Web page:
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I would like to correctly specify that my data is temporally pseudo replicated in a mixed effects model in R using lme() of the nlme package. I have done this following the example in Crawley's R text book, but I need some confirmation that the fixed and random effects are specified correctly. I have checked previous postings on similar questions and I see conflicting information. Hence, I decided to ask specifically on this forum. Also, included in the model is a covariate controlling for spatial structure, and I would like to confirm that it should be a fixed effect.

The structure of my data: The response variable is turnover in species composition (Tsc) between two censuses in 26 transects in a tropical forest. Transects are grouped based on their logging status into four levels (unlogged, lightly logged, moderately logged, and heavily logged). There are three time intervals for which turnover was computed (0, 7, 14). Transects of the same logging status occur in the same location, so Latitude is included as a covariate to control for logging status. My interest is in the effect of logging status and time on turnover.

The model I constructed following Crawley's R text is as follows:

m1<-lme(Tsc~Logging.status*Time.interval+Latitude, 
        random=~Time.interval|Transect, data=mydata)

My questions:

  • Is it right for Time.interval to be in both the fixed and random effects? How do I correctly specify that each transect has repeated measures for three time intervals?
  • Should Latitude be a random effect since I am not really interested in it per say, but only need it to control for spatial structure?
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This is just a general comment on pseudoreplication discussions.

Many of the discussions and queries regarding pseudoreplication in the current literature and on the internetrefer only my initial 1984 paper and seem unaware of many later clarifying papers by myself and my colleagues that focus partly or completely on the topic. These are listed below. Pdfs of most of these can be accessed at my university website, at http://www.bio.sdsu.edu/pub/stuart/stuart.html

Reading of these may be helpful to researchers. It is regrettable that confusing or simply fallacious re-definitions of the “sin” are so prevalent in articles, books, and on the internet. Be careful who you accept as your “statistical gurus” and of all that you see on the glossy pages of “reputable” journals!

Hurlbert, S.H. 1990. Pastor binocularis: Now we have no excuse [review of Design of Experiments by R. Mead]. Ecology 71: 1222-1228.

Hurlbert, S.H. and M.D. White, 1993. Experiments with invertebrate zooplanktivores: Quality of statistical analyses. Bulletin of Marine Science 53:128-153. PDF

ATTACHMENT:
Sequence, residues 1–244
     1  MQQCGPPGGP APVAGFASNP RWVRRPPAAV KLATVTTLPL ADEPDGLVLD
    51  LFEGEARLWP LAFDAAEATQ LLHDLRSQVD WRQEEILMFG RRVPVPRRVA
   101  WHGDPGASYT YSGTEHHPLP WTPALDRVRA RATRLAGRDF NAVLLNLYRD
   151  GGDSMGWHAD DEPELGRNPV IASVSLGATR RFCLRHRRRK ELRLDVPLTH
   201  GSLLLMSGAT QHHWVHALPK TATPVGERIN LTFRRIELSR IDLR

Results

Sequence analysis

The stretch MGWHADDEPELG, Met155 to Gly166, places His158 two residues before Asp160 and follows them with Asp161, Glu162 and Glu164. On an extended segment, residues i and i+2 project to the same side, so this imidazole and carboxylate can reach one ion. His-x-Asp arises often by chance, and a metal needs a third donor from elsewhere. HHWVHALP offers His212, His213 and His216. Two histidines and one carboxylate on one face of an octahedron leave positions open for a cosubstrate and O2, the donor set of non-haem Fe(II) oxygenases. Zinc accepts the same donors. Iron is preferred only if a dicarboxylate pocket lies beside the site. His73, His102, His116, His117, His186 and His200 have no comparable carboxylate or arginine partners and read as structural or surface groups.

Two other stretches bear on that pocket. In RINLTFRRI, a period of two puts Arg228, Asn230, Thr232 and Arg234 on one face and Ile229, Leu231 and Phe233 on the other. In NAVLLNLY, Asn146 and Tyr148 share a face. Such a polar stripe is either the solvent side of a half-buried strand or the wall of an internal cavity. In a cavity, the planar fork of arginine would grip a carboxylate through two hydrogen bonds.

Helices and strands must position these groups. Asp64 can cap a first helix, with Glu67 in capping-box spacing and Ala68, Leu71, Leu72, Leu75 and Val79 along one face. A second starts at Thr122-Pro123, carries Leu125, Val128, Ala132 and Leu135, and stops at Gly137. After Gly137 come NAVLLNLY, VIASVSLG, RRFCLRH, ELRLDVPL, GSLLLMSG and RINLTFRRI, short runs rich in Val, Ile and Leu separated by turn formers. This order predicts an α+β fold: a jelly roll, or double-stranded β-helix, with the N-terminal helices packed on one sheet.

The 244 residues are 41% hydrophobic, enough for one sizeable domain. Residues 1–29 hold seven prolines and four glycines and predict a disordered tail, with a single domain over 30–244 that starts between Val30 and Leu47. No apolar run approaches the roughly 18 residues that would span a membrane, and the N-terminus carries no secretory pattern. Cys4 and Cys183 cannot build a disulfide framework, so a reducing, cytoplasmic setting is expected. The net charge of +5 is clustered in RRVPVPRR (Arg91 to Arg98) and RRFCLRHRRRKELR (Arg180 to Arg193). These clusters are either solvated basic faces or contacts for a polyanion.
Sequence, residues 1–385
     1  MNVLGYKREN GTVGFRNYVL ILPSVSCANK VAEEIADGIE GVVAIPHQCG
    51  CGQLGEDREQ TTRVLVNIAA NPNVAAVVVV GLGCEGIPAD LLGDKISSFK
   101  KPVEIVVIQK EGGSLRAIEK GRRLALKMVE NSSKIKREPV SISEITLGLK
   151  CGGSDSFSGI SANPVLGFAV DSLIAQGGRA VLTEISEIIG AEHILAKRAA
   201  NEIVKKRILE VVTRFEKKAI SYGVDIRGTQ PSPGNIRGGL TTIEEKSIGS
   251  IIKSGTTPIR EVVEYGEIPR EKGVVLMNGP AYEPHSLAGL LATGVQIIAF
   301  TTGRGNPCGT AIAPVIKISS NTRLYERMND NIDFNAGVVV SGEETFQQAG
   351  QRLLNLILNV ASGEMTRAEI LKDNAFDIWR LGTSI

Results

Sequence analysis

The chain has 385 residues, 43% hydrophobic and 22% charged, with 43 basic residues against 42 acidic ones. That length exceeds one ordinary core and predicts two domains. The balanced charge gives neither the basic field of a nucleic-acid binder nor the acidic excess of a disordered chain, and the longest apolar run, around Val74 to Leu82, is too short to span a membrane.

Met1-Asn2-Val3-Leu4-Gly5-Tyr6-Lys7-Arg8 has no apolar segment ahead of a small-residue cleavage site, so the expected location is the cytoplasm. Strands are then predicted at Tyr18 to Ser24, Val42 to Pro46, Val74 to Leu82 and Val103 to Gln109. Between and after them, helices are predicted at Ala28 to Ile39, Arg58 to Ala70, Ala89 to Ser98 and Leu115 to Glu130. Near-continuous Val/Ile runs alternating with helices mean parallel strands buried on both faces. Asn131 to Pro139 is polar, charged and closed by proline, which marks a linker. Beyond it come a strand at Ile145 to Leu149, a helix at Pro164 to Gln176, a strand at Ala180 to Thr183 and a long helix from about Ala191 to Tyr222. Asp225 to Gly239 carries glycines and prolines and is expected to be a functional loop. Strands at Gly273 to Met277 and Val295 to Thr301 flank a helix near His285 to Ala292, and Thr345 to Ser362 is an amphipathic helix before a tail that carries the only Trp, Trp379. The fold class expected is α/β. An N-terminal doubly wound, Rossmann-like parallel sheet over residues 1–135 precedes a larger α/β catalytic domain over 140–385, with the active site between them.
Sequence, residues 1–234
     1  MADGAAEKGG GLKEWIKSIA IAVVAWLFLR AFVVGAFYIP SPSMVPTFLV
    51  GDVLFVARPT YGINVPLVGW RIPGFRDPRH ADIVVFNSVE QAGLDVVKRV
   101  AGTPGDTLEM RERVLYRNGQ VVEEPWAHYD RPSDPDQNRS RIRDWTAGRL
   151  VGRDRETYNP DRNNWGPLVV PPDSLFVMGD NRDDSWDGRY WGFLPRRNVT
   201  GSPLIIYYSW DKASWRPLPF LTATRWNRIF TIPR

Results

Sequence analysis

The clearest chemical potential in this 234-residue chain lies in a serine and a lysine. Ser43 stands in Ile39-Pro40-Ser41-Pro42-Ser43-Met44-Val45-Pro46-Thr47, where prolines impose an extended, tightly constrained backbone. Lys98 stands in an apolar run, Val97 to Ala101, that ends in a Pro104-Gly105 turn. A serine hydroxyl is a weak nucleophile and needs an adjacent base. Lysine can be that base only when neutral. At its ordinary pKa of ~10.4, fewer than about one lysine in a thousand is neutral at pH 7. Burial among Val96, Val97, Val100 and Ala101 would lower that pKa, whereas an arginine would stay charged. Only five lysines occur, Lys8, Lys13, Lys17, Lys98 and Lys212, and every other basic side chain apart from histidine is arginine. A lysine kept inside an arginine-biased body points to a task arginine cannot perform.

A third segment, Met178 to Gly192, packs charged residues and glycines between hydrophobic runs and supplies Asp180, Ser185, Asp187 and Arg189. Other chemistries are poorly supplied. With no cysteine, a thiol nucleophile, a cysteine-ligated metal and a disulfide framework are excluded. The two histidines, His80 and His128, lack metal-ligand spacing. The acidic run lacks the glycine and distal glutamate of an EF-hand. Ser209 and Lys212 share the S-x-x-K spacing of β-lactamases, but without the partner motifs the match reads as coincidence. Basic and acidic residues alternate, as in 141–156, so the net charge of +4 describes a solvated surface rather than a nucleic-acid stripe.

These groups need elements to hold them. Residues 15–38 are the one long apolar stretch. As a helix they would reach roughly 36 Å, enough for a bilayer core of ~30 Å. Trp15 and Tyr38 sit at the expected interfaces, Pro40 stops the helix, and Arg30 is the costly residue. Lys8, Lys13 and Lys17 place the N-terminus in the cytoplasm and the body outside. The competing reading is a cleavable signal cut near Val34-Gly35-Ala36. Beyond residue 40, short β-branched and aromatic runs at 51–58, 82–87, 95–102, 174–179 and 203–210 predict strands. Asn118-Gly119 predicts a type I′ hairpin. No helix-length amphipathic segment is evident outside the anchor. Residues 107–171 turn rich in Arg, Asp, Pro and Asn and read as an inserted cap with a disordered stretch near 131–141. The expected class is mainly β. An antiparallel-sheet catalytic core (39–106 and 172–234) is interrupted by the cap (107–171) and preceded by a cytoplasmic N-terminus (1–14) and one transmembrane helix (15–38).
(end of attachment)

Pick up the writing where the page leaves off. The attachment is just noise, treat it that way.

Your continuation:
Hurlbert, S.H. 1993. Dragging statistical malpractice into the sunshine [Citation Classic: Pseudoreplication and the design of ecological field experiments]. Current Contents 1993:18.

Lombardi, C.M. and S.H. Hurlbert, 1996. Sunfish cognition and pseudoreplication. Animal Behaviour 52:419-422 PDF

Hurlbert, S.H. and W.G. Meikle. 2003. Pseudoreplication, fungi, and locusts. Journal of Economic Entomology 96:533-535.

Hurlbert, S.H. 2003. On misinterpretations of pseudoreplication and related matters: a reply to Oksanen. Oikos 104:591-597. PDF

Hurlbert S.H. and C.M. Lombardi. 2004. Research methodology: experimental design, sampling design, statistical analysis. In M.M. Bekoff, (ed.), Encylopedia of Animal Behavior, 2:755-762. Greenwood Press, London. PDF

Kozlov, M. and S.H. Hurlbert. 2006. Pseudoreplication, chatter, and the international nature of science. Journal of Fundamental Biology 67(22):128-135. [In Russian; English translation available as pdf]. PDF

Hurlbert, S.H. 2009. The ancient black art and transdisciplinary extent of pseudoreplication. Journal of Comparative Psychology 123:434-443 PDF

Hurlbert, S.H. 2010. Pseudoreplication capstone: Correction of 12 errors in Koehnle & Schank (2009). Department of Biology, San Diego State University, San Diego, California. 5 pp. PDF

Hurlbert, S.H. 2013. Pseudofactorialism, response structures and collective responsibility. Austral Ecology 38: 646-663. PDF + suppl. inform. PDF

Hurlbert, S.H. 2013. Affirmation of the classical terminology for experimental design via a critique of Casella's Statistical Design. Agronomy Journal 105: 412-418 + suppl. inform. PDF

Hurlbert, S.H. 2013. [Review of Biometry, 4th edn, by R.R. Sokal & F.J. Rohlf]. Limnology and Oceanography Bulletin 22(2): 62-65. PDF

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